In a statement responding to ProPublica’s reports about its lobbying efforts, Intuit also described “return-free” filing as removing “the ability for the government to employ the tax system as a channel for implementing economic policy,” such as tax credits to eligible filers.

This is correct, but the argument is a straw man, since filing simplifications like “pre-populated” tax returns isn’t the same thing as “return-free” filing, which is doing away with tax returns altogether and letting the government simply send you a bill or a check.

“If it’s just government pre-populating return system, then [Intuit’s} statement doesn’t apply at all because in pre-population, it’s sending you info it already has,” William Gale, co-director of the Urban-Brookings Tax Policy Center, told Yahoo Finance. “If you’re talking about a literally return-free system, then they are correct that it limits the extent that tax policy can be used to provide target subsidies.”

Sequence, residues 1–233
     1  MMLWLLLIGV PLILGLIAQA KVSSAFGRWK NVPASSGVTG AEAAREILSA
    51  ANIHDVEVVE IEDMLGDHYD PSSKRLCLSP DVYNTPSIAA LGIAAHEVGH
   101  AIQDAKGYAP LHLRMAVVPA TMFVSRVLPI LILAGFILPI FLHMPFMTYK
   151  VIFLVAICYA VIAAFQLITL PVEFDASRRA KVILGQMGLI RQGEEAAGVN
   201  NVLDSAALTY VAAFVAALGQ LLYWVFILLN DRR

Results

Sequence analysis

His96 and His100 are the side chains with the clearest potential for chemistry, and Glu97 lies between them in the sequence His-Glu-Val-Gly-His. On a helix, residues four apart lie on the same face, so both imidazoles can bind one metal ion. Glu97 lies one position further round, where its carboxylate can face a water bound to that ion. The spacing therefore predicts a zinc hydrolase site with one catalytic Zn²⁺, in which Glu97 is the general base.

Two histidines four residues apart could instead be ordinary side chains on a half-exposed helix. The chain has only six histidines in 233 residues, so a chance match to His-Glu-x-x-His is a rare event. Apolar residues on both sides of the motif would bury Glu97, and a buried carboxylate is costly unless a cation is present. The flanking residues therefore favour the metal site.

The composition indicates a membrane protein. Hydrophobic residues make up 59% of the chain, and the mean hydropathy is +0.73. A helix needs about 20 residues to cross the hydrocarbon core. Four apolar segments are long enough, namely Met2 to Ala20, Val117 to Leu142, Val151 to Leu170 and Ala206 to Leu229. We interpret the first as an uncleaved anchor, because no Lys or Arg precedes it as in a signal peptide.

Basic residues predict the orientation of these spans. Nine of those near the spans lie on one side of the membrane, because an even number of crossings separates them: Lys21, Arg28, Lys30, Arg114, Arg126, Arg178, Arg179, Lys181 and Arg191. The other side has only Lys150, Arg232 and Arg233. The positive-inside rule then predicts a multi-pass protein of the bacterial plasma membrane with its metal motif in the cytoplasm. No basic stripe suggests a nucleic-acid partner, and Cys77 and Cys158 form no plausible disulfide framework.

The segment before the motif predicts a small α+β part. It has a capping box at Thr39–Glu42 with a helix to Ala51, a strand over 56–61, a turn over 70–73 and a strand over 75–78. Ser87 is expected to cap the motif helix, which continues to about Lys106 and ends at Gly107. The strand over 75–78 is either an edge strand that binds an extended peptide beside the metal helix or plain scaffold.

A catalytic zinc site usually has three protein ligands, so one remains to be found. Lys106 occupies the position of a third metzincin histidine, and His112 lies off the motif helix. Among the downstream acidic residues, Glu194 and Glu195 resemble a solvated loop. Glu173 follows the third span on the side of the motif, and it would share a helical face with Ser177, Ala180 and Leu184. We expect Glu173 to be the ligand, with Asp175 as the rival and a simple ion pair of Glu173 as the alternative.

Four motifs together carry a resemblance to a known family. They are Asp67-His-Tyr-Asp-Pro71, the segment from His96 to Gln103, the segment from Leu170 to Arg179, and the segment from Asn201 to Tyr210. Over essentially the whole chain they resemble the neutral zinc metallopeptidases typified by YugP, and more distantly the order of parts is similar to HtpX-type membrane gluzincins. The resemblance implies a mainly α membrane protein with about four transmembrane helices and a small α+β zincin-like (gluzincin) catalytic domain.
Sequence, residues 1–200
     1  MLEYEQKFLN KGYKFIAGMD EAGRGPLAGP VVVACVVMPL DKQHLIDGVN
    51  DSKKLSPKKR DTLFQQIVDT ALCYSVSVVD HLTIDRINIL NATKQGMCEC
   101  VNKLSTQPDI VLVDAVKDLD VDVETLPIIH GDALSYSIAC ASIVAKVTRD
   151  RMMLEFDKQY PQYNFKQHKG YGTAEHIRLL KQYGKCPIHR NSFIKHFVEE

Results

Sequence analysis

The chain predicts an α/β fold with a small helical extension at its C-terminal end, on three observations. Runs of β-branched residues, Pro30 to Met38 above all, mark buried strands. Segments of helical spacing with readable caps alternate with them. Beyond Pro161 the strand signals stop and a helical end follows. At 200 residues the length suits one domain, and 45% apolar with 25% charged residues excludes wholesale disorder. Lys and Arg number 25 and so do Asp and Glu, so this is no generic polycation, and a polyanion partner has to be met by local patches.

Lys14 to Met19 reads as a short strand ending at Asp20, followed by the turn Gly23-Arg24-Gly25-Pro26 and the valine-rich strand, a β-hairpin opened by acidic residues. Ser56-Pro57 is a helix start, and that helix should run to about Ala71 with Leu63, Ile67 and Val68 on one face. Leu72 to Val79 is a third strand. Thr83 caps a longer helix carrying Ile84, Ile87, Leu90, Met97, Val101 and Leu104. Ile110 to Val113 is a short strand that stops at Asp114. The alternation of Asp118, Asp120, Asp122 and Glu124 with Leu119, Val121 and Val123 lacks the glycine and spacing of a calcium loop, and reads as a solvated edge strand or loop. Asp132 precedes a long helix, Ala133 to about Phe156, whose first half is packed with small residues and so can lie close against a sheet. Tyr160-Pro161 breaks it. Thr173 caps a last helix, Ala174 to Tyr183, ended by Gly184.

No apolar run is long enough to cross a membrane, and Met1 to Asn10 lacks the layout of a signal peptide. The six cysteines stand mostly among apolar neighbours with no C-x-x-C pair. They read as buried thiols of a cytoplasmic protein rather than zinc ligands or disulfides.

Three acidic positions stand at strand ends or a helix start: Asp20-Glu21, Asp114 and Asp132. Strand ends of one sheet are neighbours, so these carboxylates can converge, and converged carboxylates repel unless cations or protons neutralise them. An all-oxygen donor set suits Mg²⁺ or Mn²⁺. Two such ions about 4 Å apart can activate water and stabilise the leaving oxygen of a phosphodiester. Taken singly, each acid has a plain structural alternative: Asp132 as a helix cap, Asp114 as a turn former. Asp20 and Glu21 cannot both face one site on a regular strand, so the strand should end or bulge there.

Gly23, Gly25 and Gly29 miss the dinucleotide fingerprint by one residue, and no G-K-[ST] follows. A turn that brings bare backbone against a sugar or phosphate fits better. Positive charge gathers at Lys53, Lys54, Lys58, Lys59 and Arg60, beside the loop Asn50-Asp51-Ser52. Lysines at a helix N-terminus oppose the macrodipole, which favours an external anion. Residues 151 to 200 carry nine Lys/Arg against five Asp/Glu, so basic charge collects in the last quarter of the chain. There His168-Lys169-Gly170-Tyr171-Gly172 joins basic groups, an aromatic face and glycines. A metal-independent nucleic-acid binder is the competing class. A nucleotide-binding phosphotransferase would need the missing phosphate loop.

In the pre-populated scenario, taxpayers would still check over work, demonstrate eligibility for tax credits, and review their yearly finances.“‘Return-free’ requires a much stronger set of simplified tax rules than pre-population does,” said Gale. “And most countries [that have tax return simplification] do pre-populated, not return-free.”

It seems likely nothing will change anytime soon, but it’s clear that the current way is just not working out that well, perhaps best illustrated by an analogy from Joseph Bankman, a Stanford law professor. “Imagine if your vehicle registration fee was done the same way. Imagine if the state said, ‘Go to your car, find your [Vehicle Identification] number and then look at this table that has different tax rates to find out how much you owe.’” In this analogy, the VIN number is your income, which the government already knows. “If they did, people would probably need to hire an expert for that too.”

Ethan Wolff-Mann is a writer at Yahoo Finance focusing on consumer issues, tech, and personal finance. Follow him on Twitter @ewolffmann. Got a tip? Send it to tips@yahoo-inc.com.